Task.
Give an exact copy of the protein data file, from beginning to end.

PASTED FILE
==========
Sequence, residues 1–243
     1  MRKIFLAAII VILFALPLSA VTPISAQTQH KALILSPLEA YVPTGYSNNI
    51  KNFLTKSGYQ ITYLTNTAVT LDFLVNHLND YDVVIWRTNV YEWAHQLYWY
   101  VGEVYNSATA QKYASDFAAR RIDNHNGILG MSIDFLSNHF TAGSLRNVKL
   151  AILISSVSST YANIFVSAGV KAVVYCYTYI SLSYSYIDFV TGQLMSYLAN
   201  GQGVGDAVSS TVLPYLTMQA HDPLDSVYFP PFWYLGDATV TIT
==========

Sequence, residues 1–243
     1  MRKIFLAAII VILFALPLSA VTPISAQTQH KALILSPLEA YVPTGYSNNI
    51  KNFLTKSGYQ ITYLTNTAVT LDFLVNHLND YDVVIWRTNV YEWAHQLYWY
   101  VGEVYNSATA QKYASDFAAR RIDNHNGILG MSIDFLSNHF TAGSLRNVKL
   151  AILISSVSST YANIFVSAGV KAVVYCYTYI SLSYSYIDFV TGQLMSYLAN
   201  GQGVGDAVSS TVLPYLTMQA HDPLDSVYFP PFWYLGDATV TIT